Monday, July 9, 2007

Poetry by Duane Locke

Five poems
by Duane Locke

Thus spake Zarathrusta
Never on the voice of America.

Tea leaves read in Thebes,
Cargo ships sparkled
Brighter than the snowflakes
That fell on the dark, winter,

Blake-chartered dock waters.
Their curio cabinets
Filled with videotapes
Of Western Fronts
And oil derricks.

What was I called
When I lived among the living dead.
Was I called:

The Hunger Artist,
Stephen Dedalus,
Underground Boy,
Philip Carey,
Or Sam Spade

Or was I given the name
Of the Wall Street clerk
Who repeated,
I would prefer not to.

Once upon a time
By the wind-shook-lake salmon
And their tangles, their silver leaps,
We, she with
Celery-green, unbleached, painted
Fingernails turned
The arks of conversations
Toward the geese sounds
Of doves perched on hubcaps.
In the little time left


Before the car wreck,
Sandpipers and snails,
Dogwoods and spinning hills
As I strolled
Through the tunnels
Of the midnights
Of day-lit blackberries.

Drunk on uplifted roads
Wrong side,
Headlights shattered highlights.

Words, languages


When a Minute Passes
If We Do Not Become the Minute
We are Dead

I desired to be Andrew Marvell
Cloistered by Appleton solitude,

Or Vermeer
Painting an ear-ring in an ear,

With my back
Turned to the audience.


Anyone who can gaze
At what

Is called in popular parlance
The same object

For a century,
Or for a decade,

And never see
The same thing,

Never have the
Same perception,

Never become bored
Or succumb

As fashionable
In 19th Century

To ennui
Or dead-end-street nostalgia

Then this gazing person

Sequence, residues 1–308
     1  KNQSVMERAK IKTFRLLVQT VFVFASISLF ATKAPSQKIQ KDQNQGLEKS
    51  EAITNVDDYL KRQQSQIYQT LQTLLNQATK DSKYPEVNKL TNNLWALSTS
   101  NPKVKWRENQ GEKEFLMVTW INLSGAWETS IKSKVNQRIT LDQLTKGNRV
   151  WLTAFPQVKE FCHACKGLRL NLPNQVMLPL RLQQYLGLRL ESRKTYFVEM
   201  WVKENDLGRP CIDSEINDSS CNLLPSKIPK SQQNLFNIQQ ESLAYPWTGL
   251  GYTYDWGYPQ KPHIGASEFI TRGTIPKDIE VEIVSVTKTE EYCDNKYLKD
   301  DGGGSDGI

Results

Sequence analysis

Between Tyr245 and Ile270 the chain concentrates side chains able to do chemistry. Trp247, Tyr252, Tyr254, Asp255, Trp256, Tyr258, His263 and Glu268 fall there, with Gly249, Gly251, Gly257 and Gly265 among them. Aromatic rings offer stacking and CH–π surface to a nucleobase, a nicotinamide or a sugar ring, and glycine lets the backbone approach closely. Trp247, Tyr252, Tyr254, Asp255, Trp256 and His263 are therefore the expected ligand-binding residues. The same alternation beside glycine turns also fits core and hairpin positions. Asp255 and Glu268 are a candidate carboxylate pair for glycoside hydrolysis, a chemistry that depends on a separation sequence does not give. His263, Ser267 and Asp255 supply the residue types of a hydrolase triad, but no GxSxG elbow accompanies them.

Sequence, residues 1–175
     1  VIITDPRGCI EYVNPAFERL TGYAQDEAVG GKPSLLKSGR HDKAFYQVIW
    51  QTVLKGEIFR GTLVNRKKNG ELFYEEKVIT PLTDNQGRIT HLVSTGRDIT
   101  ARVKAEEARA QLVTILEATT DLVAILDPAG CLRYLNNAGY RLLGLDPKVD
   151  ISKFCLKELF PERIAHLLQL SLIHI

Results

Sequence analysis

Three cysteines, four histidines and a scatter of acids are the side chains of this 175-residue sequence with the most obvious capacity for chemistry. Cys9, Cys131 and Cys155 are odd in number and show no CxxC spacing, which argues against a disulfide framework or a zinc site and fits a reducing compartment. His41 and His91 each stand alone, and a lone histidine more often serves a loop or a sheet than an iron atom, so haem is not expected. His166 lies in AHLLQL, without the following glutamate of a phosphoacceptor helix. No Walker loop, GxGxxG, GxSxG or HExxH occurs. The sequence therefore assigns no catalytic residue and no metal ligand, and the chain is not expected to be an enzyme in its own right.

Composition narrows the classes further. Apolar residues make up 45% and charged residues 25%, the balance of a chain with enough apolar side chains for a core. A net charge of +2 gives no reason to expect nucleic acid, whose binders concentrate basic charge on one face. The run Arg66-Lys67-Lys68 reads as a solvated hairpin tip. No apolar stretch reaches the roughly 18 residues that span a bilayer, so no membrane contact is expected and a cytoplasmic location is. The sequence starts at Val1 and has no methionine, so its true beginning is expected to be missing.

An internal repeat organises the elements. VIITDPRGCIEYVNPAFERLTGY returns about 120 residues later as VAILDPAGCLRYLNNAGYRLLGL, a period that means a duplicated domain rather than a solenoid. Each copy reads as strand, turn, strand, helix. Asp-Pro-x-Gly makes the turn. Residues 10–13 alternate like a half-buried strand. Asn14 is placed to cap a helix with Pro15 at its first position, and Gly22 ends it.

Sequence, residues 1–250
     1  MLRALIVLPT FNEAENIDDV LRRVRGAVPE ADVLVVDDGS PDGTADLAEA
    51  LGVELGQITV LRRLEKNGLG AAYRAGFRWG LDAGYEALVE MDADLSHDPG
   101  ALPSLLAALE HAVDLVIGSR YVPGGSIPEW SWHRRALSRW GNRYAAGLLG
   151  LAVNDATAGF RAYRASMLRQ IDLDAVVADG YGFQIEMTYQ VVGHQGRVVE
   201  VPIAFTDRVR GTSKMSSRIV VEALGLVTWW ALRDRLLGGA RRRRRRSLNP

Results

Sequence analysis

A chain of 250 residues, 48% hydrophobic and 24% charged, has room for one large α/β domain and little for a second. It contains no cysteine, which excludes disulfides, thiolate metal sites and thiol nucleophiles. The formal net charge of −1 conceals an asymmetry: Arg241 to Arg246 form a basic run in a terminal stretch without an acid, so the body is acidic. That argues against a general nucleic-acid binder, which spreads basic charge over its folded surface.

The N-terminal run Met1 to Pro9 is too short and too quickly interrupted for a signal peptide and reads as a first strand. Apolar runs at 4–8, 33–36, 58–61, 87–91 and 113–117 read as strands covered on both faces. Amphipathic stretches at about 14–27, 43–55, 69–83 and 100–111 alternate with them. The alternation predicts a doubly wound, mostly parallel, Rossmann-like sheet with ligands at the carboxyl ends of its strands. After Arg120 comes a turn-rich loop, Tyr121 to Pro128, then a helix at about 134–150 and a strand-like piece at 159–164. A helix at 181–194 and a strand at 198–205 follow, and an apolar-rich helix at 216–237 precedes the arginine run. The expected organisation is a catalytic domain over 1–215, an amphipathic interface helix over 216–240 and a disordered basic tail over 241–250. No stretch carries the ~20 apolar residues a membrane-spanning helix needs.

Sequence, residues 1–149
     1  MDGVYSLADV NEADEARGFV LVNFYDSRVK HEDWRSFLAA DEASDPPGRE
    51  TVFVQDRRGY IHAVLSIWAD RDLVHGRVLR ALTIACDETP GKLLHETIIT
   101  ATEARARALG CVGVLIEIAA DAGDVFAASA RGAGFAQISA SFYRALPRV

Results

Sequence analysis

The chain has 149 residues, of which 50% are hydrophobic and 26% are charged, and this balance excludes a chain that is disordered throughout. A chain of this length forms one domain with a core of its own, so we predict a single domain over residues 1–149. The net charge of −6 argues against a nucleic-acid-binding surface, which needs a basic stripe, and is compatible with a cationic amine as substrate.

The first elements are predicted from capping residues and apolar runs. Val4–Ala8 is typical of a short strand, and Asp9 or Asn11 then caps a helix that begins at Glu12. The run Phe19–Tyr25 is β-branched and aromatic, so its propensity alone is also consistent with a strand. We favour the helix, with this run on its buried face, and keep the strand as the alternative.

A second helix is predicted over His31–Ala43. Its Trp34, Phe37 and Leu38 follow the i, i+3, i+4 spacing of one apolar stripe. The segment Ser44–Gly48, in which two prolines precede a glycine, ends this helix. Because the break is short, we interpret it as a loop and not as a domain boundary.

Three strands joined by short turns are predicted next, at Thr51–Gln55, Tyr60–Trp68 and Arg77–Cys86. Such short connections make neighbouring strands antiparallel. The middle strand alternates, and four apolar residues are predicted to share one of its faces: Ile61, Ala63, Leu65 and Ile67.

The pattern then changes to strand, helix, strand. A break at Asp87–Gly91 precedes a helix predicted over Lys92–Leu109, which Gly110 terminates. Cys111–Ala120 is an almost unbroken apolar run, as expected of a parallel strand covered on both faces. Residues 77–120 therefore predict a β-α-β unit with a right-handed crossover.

Can be said

To be alive
And a human being.


Among the ignorant
And selfish

A daily repeated remark
Is that one should

Help humanity.
But an impossibility,

For there is no

The living dead
Have murdered

Their humanity
Long ago,

An thus there is
No humanity to help.

Being alive
Was vague.

I remember a moment
That was

Author bio:

Duane Locke, PH. D. (English Renaissance Poetry), has had (as of May 2007) 5,859 poems published in print magazines and e- zines. He has published 17 print and e-books of poetry. Duane is also a painter, and has exhibited widely. A discussion of his work appears in Gary Monroe’s Extraordinary Interpretations (University of Florida Press). In addition, Duane is a photographer, publishing some 289 photos. In his photography, Duane prefers to do close-ups of trash tossed in alleys, as well as of vacant lots, mystic vegetation, visual music, and nature. For more information, Duane advises readers to click on Google, as he has quasi-half million entries. Duane Locke is also listed in Who’s Who In America (Marquis).

No comments: